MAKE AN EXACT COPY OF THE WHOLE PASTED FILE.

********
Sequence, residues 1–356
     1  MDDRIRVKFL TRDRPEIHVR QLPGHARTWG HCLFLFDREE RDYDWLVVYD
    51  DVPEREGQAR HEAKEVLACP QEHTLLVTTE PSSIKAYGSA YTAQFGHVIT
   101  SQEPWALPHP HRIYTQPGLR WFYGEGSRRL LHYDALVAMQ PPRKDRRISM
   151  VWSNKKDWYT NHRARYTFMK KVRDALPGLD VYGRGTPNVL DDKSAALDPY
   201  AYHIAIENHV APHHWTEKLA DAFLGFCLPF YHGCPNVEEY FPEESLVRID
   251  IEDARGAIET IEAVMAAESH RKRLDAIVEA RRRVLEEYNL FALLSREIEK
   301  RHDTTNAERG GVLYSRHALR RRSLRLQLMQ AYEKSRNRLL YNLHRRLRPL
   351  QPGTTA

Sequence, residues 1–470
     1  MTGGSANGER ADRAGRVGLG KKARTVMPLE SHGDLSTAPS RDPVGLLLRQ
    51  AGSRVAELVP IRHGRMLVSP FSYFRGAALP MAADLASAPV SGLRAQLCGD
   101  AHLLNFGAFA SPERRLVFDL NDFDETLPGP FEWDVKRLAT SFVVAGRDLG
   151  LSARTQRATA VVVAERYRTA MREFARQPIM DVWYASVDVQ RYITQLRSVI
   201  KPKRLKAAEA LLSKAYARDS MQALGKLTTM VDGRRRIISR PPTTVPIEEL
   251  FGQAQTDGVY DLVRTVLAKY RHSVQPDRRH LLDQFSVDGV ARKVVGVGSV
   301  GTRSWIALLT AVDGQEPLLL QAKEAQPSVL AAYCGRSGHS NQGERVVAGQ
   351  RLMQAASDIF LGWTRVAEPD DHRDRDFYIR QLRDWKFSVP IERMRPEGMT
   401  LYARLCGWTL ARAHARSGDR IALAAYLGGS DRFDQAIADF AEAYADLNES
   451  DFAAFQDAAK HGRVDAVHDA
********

Sequence, residues 1–356
     1  MDDRIRVKFL TRDRPEIHVR QLPGHARTWG HCLFLFDREE RDYDWLVVYD
    51  DVPEREGQAR HEAKEVLACP QEHTLLVTTE PSSIKAYGSA YTAQFGHVIT
   101  SQEPWALPHP HRIYTQPGLR WFYGEGSRRL LHYDALVAMQ PPRKDRRISM
   151  VWSNKKDWYT NHRARYTFMK KVRDALPGLD VYGRGTPNVL DDKSAALDPY
   201  AYHIAIENHV APHHWTEKLA DAFLGFCLPF YHGCPNVEEY FPEESLVRID
   251  IEDARGAIET IEAVMAAESH RKRLDAIVEA RRRVLEEYNL FALLSREIEK
   301  RHDTTNAERG GVLYSRHALR RRSLRLQLMQ AYEKSRNRLL YNLHRRLRPL
   351  QPGTTA

Sequence, residues 1–470
     1  MTGGSANGER ADRAGRVGLG KKARTVMPLE SHGDLSTAPS RDPVGLLLRQ
    51  AGSRVAELVP IRHGRMLVSP FSYFRGAALP MAADLASAPV SGLRAQLCGD
   101  AHLLNFGAFA SPERRLVFDL NDFDETLPGP FEWDVKRLAT SFVVAGRDLG
   151  LSARTQRATA VVVAERYRTA MREFARQPIM DVWYASVDVQ RYITQLRSVI
   201  KPKRLKAAEA LLSKAYARDS MQALGKLTTM VDGRRRIISR PPTTVPIEEL
   251  FGQAQTDGVY DLVRTVLAKY RHSVQPDRRH LLDQFSVDGV ARKVVGVGSV
   301  GTRSWIALLT AVDGQEPLLL QAKEAQPSVL AAYCGRSGHS NQGERVVAGQ
   351  RLMQAASDIF LGWTRVAEPD DHRDRDFYIR QLRDWKFSVP IERMRPEGMT
   401  LYARLCGWTL ARAHARSGDR IALAAYLGGS DRFDQAIADF AEAYADLNES
   451  DFAAFQDAAK HGRVDAVHDA